Or, maybe the TARDIS just doesn’t like Nardole, and that’s why it’s been stubborn in the last two episodes?
The TARDIS didn’t like Amy, at first, or Clara.
Why is Nardole OK with their trip to NASA in the first place?
Throughout Series 10, Nardole has been the voice of reason, constantly reminding the Doctor of his solemn oath to guard the vault. Why is Nardole suddenly unconcerned that the Doctor remains earthbound? Further, for Nardole to sternly reprimand the Doctor for neglecting his duties, in “Oxygen,” only to be the one who frees Missy, in “Empress of Mars,” is incongruous. This is especially true since Nardole frees Missy merely because he can’t operate the TARDIS, despite being taught by River Song, whose skill surpassed even the Doctor’s.
So, would the story have worked better if Bill and Nardole were switched?
Consider: Bill turning to Missy for help makes more sense, as Bill does not know how to pilot the TARDIS. Further, Bill has ostensibly only met Missy once, and, while Missy did advocate killing Bill as a means to defeating the Monks, Bill’s willingness to follow orders, compared to Nardole’s ability to assert himself – – highlighted in “Empress of Mars,” as the two first remove their helmets to discover oxygen within the Martian tunnels – – makes Bill the more likely of the pair to be brainwashed by Missy’s guile.
Or, was Bill necessary to the story . . . because she’s a woman?
In the middle of a tense standoff between her Ice Warriors and the British soldiers, Iraxxa says to Bill, “We are both females, surrounded by noisy males. I would value your opinion.” Calling Bill’s sex to the audience’s attention, especially in a scene that examines the strength the Ice Queen derived from her diplomacy, is especially poignant. Companions are often singled out for their characteristics – – courageous, empathic, smart, moral, vocal – – but, explicitly defining someone by their sex seems politically incorrect, at best. And yet, series-long companions have all been female, save for Rory (who, honestly, was a package deal with Amy). Here, Gatiss makes Bill’s sex relevant, yet does so in a way that is not exploitive or insensitive – – a welcome revelation to a series that seems unwilling to explore such issues within its own casting.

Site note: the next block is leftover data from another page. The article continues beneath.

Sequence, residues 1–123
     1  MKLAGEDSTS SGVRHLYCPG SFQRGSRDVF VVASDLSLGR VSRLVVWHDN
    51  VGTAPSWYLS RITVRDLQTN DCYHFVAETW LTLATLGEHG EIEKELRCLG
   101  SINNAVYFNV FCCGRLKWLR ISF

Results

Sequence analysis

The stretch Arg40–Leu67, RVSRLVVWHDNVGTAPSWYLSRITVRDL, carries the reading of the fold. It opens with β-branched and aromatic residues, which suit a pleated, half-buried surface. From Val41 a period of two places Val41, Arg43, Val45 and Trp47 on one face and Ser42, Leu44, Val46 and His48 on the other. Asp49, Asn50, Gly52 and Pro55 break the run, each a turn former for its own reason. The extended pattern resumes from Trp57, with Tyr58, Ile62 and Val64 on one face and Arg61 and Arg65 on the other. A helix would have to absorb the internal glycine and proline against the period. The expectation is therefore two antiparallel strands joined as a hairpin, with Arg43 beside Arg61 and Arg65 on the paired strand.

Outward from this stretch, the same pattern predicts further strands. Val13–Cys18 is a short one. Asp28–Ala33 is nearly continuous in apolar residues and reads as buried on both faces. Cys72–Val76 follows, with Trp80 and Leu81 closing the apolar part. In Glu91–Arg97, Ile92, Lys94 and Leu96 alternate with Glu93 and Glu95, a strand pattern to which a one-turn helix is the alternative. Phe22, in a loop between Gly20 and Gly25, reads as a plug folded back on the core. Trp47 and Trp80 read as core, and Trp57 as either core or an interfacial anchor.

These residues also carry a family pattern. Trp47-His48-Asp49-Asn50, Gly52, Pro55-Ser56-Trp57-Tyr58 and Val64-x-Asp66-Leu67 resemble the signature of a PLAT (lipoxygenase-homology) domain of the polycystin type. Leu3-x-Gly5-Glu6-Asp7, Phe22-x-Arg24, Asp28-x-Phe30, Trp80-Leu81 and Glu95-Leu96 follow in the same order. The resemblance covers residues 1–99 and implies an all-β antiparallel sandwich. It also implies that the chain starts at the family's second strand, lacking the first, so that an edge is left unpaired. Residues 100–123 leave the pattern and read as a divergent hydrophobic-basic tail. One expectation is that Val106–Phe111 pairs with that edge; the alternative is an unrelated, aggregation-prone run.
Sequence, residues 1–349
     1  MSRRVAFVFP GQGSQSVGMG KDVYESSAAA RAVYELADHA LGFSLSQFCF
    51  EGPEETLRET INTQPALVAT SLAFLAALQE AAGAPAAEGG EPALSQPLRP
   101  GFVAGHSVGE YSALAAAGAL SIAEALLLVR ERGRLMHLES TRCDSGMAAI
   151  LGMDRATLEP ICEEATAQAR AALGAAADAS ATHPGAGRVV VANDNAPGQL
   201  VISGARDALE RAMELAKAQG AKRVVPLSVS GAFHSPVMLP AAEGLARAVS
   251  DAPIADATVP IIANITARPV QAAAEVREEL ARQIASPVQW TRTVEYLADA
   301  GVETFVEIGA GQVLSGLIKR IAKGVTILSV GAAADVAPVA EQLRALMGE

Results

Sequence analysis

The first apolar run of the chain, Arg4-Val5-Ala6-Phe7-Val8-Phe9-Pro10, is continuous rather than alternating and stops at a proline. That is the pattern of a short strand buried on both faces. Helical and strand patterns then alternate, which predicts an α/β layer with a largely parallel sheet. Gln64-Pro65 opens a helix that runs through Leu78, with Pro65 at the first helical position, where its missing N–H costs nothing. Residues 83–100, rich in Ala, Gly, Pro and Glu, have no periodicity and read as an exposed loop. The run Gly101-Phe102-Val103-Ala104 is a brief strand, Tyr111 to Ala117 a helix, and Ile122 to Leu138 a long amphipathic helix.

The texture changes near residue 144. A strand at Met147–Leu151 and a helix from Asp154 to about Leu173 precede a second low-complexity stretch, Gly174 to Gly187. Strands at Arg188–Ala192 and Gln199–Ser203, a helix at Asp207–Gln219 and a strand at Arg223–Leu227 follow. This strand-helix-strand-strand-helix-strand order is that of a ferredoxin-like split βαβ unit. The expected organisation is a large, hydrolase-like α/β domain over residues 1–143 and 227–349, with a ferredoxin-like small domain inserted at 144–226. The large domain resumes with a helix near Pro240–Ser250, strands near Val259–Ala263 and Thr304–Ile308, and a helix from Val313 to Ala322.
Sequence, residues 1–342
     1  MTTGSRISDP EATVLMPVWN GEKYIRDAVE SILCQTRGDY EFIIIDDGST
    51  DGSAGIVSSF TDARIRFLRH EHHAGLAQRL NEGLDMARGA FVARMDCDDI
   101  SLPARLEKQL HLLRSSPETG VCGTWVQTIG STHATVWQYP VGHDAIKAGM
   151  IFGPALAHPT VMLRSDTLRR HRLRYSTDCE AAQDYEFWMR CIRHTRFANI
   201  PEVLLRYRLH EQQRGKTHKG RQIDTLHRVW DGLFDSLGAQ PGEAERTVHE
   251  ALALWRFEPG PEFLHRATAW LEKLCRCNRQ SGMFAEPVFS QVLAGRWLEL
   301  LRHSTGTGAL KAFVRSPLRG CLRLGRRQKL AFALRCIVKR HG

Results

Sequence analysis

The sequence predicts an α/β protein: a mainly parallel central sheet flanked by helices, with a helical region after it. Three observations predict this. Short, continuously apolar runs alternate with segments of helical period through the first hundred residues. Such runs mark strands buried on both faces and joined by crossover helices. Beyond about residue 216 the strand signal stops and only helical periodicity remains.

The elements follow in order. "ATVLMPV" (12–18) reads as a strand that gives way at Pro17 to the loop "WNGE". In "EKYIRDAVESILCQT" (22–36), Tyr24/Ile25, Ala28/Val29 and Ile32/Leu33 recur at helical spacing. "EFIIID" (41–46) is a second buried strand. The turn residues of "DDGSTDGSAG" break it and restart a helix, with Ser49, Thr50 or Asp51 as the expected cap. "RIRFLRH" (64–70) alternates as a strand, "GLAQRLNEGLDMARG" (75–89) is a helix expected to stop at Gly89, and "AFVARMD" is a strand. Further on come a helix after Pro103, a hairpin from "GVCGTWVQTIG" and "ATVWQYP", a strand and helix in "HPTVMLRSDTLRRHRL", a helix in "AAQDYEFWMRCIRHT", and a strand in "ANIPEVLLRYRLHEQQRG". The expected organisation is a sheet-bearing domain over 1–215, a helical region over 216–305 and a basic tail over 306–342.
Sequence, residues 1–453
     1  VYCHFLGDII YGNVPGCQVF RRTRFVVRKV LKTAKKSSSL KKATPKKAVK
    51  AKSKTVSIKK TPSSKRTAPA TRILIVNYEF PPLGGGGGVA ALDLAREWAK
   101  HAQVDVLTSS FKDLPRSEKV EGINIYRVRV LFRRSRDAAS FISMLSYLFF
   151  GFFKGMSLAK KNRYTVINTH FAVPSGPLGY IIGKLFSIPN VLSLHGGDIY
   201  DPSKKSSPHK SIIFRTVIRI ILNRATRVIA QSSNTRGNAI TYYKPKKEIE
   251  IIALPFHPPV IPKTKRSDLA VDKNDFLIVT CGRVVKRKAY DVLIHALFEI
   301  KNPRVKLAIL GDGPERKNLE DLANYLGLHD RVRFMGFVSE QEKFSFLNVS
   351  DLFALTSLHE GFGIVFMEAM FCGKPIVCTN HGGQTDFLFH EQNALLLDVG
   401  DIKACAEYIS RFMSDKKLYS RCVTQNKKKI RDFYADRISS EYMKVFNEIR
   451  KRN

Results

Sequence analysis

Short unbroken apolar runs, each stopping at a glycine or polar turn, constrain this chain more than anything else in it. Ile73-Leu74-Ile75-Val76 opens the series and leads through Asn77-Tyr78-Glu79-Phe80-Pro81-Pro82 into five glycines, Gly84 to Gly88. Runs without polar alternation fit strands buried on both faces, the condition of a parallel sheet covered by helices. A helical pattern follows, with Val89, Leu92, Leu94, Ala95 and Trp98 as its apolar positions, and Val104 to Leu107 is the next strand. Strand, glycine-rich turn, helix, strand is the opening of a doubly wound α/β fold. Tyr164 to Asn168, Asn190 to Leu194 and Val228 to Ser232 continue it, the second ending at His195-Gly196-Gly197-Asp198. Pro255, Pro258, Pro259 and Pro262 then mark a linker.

Whose side was the Doctor on, anyway?
In the final act of “Empress of Mars,” the Doctor strives to prevent a war between the British military and the Ice Warriors – – a battle he is sure will end with the decimation of the Victorian soldiers – – by threatening to bury both armies under tons of ice and snow. Does the Doctor actually intend to follow through with his threat? If so, then he has already discounted the British soldiers as dead either way, and so is only trying to help the Ice Warriors. If he never intends to collapse the tunnel, and is using the ultimatum merely as a ruse to get Iraxxa to back down, then he is still clinging to the possibility of a peaceful resolution. Which is it? Bill states, “You knew that would happen,” and the Doctor replies, “Always been my problem – – thinking like a warrior,” hinting that the Doctor was always working towards the more positive prospect; however, “Into the Dalek” and “Mummy on the Orient Express” serve as evidence that either are possible for Twelve’s character.
And, finally, some silly, “serious” question about a seriously silly idea . . .
How do the Ice Warriors’ squareness guns wrist blasters work? One of the defining characteristics of classic-era Ice Warriors was their lack of resources; consequently, they used wrist blasters that fired concussive blasts of sonic force, or ear-piercing sonic grenades. While the idea of being crushed as you were folded into a fleshy cube is intimidatingly gruesome for the opposing army, a weapon like this would require a great expenditure of energy, compared to a projectile, like a bullet, or a blast of plasma. It doesn’t help that the associated special effect is comical, at best, downplaying the viciousness of the Ice Warriors, and making their new firearms into weapons only Wile E. Coyote could love. Was it really necessary to reinvent the Ice Warrior arsenal, especially at the expense of continuity?
You can read my analyses of several Mark Gatiss-penned episodes, here: